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One Big Happy Family: 18 Writers Talk About Open Adoption, Mixed Marriage, Polyamory, Househusbandry, Single Motherhood, and Other Realities of Truly Modern Love Paperback – February 2, 2010
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From Publishers Weekly
Copyright © Reed Business Information, a division of Reed Elsevier Inc. All rights reserved. --This text refers to an out of print or unavailable edition of this title.
Prompted by her experiences growing up in a family "fragmented and haunted by unfulfilled longings," Walker (Baby Love: Choosing Motherhood After a Lifetime of Ambivalence, 2007, etc.) looks beyond her well-publicized estrangement from her mother, novelist Alice Walker, to the lives of other writers "searching for authenticity through experimentation" in their domestic situations. The essays she assembles smash class, race and gender stereotypes to collectively demonstrate the fluidity of the contemporary family unit. Resisting the traditional boundaries of coupledom, Jenny Block, on the one hand, celebrates the openness of what she calls a "polyamorous marriage" with her husband and her girlfriend. On the other hand, Judith Levine and her boyfriend, together for 17 years, never married for a number of practical and philosophic reasons. Writes Levine: "A marriage may or may not be a union of love. It is always a union of property...I'd like the state to get out of the sexual-licensing business altogether, actually, for couples gay, straight, bi, or none of the above." Essays by Dan Savage and Dawn Friedman lay bare the highs and lows of open adoption. Savage details the difficulty he and his partner have in deciding what to say to their adoptive son when his homeless, substance- abusing biological mother drops out of touch for more than a year: "Which two- by-four to hit him with? That his mother was in all likelihood dead? Or that she was out there somewhere but didn't care enough to come by or call?" Friedman, while admitting to occasional twinges of jealousy and guilt evoked by having her daughter's birth mother integrated into their lives, trumpets openness for her daughter's sake: "She will never have to wonder why her first mother chose adoption; she can ask her." Rebecca Barry closes the anthology with a frank, humorous exploration of how she and her sister ended up in couples therapy.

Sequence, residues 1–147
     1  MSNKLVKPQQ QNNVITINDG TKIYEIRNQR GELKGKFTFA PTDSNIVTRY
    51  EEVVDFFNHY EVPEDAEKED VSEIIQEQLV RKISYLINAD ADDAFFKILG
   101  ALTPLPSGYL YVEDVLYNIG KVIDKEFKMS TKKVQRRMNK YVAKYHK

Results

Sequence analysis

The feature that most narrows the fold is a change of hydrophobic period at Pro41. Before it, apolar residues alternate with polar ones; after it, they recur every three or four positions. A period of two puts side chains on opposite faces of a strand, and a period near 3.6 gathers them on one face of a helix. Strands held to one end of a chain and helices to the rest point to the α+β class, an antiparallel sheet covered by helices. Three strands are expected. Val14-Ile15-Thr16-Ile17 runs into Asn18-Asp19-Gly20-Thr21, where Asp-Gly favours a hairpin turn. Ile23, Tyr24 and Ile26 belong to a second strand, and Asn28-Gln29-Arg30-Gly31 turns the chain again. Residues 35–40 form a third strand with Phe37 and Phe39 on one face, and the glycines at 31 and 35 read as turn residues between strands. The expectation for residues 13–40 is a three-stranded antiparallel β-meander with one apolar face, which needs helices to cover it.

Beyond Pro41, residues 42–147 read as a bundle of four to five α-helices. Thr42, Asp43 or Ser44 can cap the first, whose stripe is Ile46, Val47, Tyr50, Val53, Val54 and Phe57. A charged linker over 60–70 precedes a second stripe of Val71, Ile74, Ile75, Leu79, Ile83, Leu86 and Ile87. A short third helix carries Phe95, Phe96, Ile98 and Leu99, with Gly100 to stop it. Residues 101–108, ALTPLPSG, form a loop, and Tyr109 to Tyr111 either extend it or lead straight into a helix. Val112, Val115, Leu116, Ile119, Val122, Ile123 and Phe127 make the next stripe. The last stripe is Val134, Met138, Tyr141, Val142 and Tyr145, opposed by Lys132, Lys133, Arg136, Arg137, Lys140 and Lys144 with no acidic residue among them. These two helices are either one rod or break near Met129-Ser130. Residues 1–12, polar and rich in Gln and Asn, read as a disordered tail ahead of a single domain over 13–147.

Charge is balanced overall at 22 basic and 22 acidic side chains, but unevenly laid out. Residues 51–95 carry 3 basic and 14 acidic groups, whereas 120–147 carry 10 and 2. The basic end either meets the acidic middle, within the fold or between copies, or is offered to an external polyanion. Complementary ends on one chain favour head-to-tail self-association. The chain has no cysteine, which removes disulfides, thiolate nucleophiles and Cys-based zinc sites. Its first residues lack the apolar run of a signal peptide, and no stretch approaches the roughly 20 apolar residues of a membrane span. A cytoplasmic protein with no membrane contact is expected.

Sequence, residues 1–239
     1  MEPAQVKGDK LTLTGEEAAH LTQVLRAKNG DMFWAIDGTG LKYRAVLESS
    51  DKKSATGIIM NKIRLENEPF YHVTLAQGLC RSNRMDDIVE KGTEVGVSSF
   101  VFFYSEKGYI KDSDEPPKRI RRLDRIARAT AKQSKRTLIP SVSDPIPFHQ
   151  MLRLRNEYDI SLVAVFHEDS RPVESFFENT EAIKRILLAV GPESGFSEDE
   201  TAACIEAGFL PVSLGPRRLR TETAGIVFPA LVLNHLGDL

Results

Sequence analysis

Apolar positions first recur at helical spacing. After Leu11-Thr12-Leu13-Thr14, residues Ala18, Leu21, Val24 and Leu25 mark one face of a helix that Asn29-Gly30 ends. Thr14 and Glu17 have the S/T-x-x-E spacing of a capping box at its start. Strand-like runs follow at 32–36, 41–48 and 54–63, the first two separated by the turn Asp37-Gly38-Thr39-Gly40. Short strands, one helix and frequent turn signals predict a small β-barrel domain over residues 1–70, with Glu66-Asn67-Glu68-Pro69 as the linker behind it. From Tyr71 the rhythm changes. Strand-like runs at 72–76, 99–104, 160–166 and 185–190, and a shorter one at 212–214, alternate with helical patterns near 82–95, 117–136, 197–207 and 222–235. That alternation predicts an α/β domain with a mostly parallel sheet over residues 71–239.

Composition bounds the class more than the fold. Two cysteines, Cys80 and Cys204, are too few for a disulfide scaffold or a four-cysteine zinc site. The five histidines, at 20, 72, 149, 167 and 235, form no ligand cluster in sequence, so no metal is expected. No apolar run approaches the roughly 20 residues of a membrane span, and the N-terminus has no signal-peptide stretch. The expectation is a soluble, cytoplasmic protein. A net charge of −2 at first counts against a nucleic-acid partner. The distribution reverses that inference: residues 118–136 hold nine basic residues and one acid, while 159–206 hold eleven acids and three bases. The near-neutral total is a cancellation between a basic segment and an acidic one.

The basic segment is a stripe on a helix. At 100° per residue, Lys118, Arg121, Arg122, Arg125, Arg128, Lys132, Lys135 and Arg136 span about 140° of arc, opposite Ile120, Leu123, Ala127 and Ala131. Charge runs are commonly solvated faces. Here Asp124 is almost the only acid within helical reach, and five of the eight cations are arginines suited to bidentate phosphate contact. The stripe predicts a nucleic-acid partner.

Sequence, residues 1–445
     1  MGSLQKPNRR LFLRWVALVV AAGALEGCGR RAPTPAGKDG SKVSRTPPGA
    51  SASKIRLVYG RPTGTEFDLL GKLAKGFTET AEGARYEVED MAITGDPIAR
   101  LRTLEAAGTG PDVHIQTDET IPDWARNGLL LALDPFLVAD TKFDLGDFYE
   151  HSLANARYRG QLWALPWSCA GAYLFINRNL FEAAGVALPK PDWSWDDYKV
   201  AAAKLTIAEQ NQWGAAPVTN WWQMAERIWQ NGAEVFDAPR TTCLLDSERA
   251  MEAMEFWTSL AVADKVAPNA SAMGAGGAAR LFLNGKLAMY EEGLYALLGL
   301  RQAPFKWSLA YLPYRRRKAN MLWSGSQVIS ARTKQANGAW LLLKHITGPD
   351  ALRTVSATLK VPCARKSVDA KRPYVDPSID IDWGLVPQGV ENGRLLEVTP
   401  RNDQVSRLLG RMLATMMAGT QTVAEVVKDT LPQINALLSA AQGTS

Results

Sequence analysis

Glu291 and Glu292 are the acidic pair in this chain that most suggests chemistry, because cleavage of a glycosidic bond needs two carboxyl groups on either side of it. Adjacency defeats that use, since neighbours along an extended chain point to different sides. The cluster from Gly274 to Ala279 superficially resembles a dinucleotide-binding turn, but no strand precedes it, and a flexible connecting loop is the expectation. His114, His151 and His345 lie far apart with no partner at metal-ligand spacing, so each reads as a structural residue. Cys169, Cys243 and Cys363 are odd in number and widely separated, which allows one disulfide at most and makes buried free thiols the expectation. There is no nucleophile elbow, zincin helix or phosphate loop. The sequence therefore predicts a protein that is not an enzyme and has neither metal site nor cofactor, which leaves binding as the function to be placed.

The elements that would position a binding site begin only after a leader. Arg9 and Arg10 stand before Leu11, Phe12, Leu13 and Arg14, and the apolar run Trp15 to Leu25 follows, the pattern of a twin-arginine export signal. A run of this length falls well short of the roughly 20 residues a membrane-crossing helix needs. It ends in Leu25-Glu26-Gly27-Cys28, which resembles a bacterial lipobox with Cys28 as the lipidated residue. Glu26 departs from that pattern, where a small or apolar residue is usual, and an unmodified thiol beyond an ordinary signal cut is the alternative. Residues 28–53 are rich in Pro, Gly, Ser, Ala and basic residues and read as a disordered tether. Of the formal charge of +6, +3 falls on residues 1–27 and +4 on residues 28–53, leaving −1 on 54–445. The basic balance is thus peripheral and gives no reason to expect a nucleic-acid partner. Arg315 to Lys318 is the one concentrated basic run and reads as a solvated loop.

Eye-opening and sometimes shocking, as it brilliantly explodes traditional notions about the nuclear family.
Kirkus Reviews (starred) --This text refers to an out of print or unavailable edition of this title.
Top Customer Reviews
That is what this book is all about. One Big Happy Family is about the pursuit of love and family and wholeness with a blind eye to social convention. These writers made me feel at home. They helped me to remember that there is no "right" way to live and to love. They reminded me that living honestly is always more important than living in chains. And they taught me that although others may not accept me, my acceptance of myself is far more gratifying.
These are people who are present in their own lives, active in their own pursuits of love, and accountable for the paths they have chosen or crafted or discovered. We should all be so lucky.
Read this book. Find your way.
Probably the most negative thing that I can say about this collection - and the only reason why it does not get five stars is that a solid group of the stories had this air of... smugness about them. As if, the way they had worked it out was the most ideal form of a family. Which is quite possible true (for them), but not something that needed to come across in their writing. One that was particularly guilty of this was Penn-Nabrit's "How Homeschooling Made Our Family More of What We Wanted it to Be" (which was my least favorite of the works in this anthology).